for trial.” Celotex Corp. v. Catrett, 477 U.S.
317, 324 (1986) (internal quotation marks omitted). “To
avoid summary judgment, the nonmovant must establish, at a
minimum, an inference of the presence of each element
essential to the case.” Bausman, 252 F.3d at
1115. When reviewing a motion for summary judgment, a court
must view the evidence in the light most favorable to the
non-moving party. Id.
Objections to Discovery Orders
has filed an Objection to Magistrate's Orders on
Discovery [Docket No. 51], objecting to two discovery orders
entered by Magistrate Judge Gordon P. Gallagher. Following
the close of discovery, plaintiff alleged that defendants
committed two discovery violations during Ellis's
deposition. First, plaintiff argued that “[d]efense
counsel improperly directed [E]llis not to answer four
questions on the grounds of relevance.” Docket No. 40-1
at 2. The questions related to whether any GJTC patients had
died from a methadone overdose after plaintiff's
termination and whether any lawsuits alleging medical
negligence had been filed against defendants after
plaintiff's termination. Id. Second, plaintiff
argued that defense counsel engaged in abusive conduct by
making numerous interruptions and objections and that
defendants' corporate representative engaged in abusive
conduct during Ellis's deposition by “sp[eaking]
sarcastically to the [p]laintiff in mocking Spanish and
[laughing] derisively in his face.” Id. at 4.
As a remedy for both alleged discovery violations, plaintiff
requested that the Court order Ellis to sit for a second
deposition and order defendants to pay fees and costs of both
depositions. Id. at 3-4. Magistrate Judge Gallagher
held hearings on the two disputes on January 28, 2019 and
February 1, 2019. Docket Nos. 40, 49. Magistrate Judge
Gallagher denied plaintiff's request, holding that (1)
discovery on the topic of medical negligence was not relevant
pursuant to Fed.R.Civ.P. 26, and (2) defendants'
deposition conduct did not violate a statute or court rule.
reviewing magistrate judge orders on non-dispositive matters,
“[t]he district judge in the case must consider timely
objections and modify or set aside any part of the order that
is clearly erroneous or is contrary to law.” Fed R.
Civ. P. 72(a). On review of the record, the Court finds no
clear error in Magistrate Judge Gallagher's rulings. As
to the first ruling, “[p]arties may obtain discovery
regarding any nonprivileged matter that is relevant to any
party's claim or defense.” Fed.R.Civ.P. 26(b)(1).
Magistrate Judge Gallagher ruled that plaintiff's
questions, which aimed to discover possible medical
negligence by defendants, were not relevant to
plaintiff's claims, which allege that he was illegally
terminated on the basis of his race or national origin.
Contrary to plaintiff's objection, which cites a
since-amended version of Fed.R.Civ.P. 26, Magistrate Judge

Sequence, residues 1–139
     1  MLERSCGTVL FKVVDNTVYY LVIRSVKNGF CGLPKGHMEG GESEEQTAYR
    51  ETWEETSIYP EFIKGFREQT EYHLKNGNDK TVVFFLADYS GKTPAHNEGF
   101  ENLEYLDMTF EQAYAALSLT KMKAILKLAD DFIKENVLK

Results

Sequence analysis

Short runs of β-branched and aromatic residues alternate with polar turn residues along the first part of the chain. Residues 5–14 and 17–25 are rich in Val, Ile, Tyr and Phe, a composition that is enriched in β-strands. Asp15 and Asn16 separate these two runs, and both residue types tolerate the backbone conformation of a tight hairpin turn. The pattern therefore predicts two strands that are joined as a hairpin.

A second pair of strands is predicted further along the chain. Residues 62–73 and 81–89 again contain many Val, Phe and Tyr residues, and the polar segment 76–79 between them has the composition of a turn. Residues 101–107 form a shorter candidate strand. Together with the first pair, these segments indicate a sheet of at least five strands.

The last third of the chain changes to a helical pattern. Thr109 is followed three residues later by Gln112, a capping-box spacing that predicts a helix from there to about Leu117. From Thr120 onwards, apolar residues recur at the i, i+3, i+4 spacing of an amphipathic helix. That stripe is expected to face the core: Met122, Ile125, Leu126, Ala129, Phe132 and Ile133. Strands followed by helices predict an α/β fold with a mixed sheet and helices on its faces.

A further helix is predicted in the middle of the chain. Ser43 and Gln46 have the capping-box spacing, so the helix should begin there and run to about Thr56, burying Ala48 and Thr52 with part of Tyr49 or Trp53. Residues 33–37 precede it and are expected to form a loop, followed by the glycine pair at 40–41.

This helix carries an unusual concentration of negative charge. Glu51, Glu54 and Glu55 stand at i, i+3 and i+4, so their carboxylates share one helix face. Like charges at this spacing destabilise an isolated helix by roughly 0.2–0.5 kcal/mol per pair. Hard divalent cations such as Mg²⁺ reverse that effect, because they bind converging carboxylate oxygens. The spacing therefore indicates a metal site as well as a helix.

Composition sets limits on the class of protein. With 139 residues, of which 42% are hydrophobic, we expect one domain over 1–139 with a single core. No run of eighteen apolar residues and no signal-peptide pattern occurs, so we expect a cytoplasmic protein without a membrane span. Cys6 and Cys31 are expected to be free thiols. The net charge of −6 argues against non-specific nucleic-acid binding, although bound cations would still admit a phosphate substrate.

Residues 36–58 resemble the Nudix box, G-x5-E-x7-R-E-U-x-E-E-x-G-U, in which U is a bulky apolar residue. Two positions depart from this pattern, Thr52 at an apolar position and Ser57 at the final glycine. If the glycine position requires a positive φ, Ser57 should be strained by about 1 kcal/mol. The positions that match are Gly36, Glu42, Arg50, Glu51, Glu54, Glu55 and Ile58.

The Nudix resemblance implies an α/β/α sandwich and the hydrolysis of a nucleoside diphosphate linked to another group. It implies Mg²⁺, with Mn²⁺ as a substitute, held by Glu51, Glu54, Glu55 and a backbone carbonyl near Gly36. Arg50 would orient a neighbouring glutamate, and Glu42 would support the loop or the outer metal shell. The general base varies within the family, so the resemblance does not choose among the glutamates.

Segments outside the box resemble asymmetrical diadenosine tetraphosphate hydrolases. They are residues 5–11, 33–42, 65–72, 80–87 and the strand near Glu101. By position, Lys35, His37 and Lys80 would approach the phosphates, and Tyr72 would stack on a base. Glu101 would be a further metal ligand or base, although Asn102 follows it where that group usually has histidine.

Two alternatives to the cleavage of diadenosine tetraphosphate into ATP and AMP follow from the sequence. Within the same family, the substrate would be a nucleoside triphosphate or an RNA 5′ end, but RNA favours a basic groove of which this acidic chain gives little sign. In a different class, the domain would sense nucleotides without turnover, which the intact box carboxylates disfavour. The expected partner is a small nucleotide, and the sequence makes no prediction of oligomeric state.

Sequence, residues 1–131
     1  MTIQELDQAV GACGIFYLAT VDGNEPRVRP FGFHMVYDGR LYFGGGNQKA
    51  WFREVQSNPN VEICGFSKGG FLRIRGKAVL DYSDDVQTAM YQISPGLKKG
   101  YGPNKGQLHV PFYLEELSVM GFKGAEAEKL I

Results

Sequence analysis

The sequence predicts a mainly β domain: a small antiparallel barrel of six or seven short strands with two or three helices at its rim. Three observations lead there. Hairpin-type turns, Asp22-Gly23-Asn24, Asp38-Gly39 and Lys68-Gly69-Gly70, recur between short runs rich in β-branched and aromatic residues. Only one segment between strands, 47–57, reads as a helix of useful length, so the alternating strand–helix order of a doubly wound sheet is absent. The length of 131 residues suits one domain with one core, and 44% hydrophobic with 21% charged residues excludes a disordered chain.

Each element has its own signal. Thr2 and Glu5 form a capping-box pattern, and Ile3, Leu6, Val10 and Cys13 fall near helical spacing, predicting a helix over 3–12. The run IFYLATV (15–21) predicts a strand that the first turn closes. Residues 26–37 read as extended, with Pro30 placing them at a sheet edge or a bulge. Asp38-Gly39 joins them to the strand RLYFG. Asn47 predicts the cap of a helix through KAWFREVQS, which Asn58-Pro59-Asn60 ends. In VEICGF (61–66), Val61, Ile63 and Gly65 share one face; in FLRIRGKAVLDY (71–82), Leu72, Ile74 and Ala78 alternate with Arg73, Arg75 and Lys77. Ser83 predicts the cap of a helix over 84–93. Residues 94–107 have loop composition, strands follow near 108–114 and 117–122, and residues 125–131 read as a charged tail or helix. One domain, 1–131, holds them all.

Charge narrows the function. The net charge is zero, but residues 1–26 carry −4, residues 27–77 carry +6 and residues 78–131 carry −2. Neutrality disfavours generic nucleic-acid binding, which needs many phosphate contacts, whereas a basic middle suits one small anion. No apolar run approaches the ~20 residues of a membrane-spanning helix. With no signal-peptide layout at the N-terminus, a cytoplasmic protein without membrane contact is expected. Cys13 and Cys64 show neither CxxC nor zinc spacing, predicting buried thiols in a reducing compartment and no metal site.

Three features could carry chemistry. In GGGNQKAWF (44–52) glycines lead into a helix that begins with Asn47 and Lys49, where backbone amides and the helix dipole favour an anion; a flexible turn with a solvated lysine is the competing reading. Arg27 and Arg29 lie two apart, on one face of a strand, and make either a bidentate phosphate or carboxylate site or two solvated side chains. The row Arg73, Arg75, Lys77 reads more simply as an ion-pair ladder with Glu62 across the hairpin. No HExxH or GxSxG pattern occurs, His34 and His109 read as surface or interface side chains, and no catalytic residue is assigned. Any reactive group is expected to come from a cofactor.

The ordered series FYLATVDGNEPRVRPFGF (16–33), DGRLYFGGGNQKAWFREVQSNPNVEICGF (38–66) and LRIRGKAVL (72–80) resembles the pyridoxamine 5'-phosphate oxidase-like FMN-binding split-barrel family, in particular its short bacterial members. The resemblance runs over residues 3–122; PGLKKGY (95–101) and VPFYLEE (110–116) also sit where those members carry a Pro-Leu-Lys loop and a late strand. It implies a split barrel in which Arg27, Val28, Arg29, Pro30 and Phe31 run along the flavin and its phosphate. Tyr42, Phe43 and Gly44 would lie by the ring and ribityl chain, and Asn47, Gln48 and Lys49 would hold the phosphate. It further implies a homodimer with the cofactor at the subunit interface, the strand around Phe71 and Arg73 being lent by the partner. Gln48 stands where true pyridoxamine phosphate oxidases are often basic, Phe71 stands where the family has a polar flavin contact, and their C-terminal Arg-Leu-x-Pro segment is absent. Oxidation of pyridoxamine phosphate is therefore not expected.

Gallagher applied the correct legal standard in reaching this
conclusion. See Docket No. 51 at 2; see
also Fed. R. Civ. P. 26 advisory committee's note to
the 2015 amendments (noting that the phrase “reasonably
calculated to lead to the discovery of admissible
evidence” has been deleted because it “has been
used by some, incorrectly, to define the scope of
the second ruling, plaintiff argues that the magistrate judge
failed to “account for or apply” Fed.R.Civ.P.
30(d)(2) and D.C.COLO.LCivR 30.3. However, the magistrate
judge's order states that “the Court is [n]ot
ordering/allowing a new deposition of [Ellis] as [p]laintiff
urges is due him because of an alleged violation of statute
or court rule.” Docket No. 49 at 1. Thus, the record
reflects that the magistrate judge took into consideration
Fed.R.Civ.P. 30(d)(2) and D.C.COLO.LCivR 30.3 in reaching his
ruling. The remainder of plaintiff's objection is
essentially an argument that the magistrate judge came to the
wrong conclusion. See Docket No. 51 at 4, ¶ 15
(arguing that a statement made by the magistrate judge was
“contrary to the evidence before it”). The record
reflects that the magistrate judge reviewed the deposition
transcript, accepted two exhibits offered by plaintiff, and
heard argument from both parties in a hearing that lasted
nearly an hour. Docket No. 49. Upon review of the record, the
Court sees no reason to disturb the magistrate judge's
conclusion. See Fish v. Kobach, 267 F.Supp.3d 1297,
1301 (D. Kan. 2017) (“The clearly erroneous standard
[for reviewing a decision of a magistrate judge] requires
that the reviewing court affirm unless it on the entire
evidence is left with the definite and firm conviction that a
mistake has been committed.”). The Court thus concludes
that neither order was “clearly erroneous or contrary
to law” and overrules plaintiff's Objection to
Magistrate's Orders on Discovery [Docket No. 51].
Title VII ...